6. Being myself not a regular user, I probably fall in the category of the people who "do not have enough points for multiple bounties". However, more fundamentally, when I see how little effect the bounty achieves with the current system, I don't feel encouraged to keep offering bounties, even if I had more than enough points. Concerning bounties by other people, none had been offered that far for this question, despite the obvious interest judged by the number of votes. Which might yet be another sign that the current system does not really work (i.e. is a bug).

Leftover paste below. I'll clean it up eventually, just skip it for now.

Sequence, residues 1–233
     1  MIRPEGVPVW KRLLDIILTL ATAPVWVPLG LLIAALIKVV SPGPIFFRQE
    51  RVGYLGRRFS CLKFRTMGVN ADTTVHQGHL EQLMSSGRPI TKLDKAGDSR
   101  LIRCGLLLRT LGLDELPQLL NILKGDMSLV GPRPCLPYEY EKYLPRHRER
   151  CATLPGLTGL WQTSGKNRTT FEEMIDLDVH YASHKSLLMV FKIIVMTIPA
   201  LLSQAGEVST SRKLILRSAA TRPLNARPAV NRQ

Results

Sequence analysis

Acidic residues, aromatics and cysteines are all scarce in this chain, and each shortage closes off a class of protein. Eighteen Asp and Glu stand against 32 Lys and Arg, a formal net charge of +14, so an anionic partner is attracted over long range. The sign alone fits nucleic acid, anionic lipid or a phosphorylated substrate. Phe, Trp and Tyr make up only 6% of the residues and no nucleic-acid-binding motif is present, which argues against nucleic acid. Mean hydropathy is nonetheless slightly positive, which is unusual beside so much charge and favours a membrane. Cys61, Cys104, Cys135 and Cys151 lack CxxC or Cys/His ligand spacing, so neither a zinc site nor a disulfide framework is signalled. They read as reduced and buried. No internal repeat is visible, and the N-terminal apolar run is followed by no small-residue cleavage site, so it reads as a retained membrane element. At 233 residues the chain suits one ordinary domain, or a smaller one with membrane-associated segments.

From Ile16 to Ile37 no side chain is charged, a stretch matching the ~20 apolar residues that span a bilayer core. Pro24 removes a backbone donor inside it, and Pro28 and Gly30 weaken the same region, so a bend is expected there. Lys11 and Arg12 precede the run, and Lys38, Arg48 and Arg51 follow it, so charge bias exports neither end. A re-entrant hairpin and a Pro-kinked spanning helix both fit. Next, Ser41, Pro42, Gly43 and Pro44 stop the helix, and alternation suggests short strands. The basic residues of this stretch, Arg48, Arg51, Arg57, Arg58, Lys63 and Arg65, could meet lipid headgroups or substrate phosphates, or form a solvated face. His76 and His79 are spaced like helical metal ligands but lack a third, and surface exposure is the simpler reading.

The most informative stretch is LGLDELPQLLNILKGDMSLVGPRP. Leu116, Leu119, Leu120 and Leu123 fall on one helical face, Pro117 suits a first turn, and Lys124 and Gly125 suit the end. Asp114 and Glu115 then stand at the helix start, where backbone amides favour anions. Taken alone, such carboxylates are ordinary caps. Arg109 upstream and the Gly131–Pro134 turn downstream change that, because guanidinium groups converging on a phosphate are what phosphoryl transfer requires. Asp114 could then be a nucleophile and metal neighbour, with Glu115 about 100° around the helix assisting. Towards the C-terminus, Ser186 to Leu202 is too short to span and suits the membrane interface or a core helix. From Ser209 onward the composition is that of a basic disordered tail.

• In fact I am rarely looking at the featured tab -- there are just too few bounty questions to make it likely to find one close to my area. – Stefan Kohl Dec 20 '17 at 21:45
• And I have deleted my answer. – Joseph Van Name Dec 24 '17 at 4:29
• @JosephVanName Why? – Dmitri Zaitsev Dec 24 '17 at 10:45
• I do not want to talk about why I deleted my answer. – Joseph Van Name Dec 24 '17 at 13:51
• I have undeleted my answer. The smallest minority on Earth is the individual. – Joseph Van Name Apr 6 at 0:01
• I know this is a useless comment but I had similar experience with bounties in the past. Either my questions were boring, or the topic is not interesting to anyone. – user137767 Apr 11 at 19:12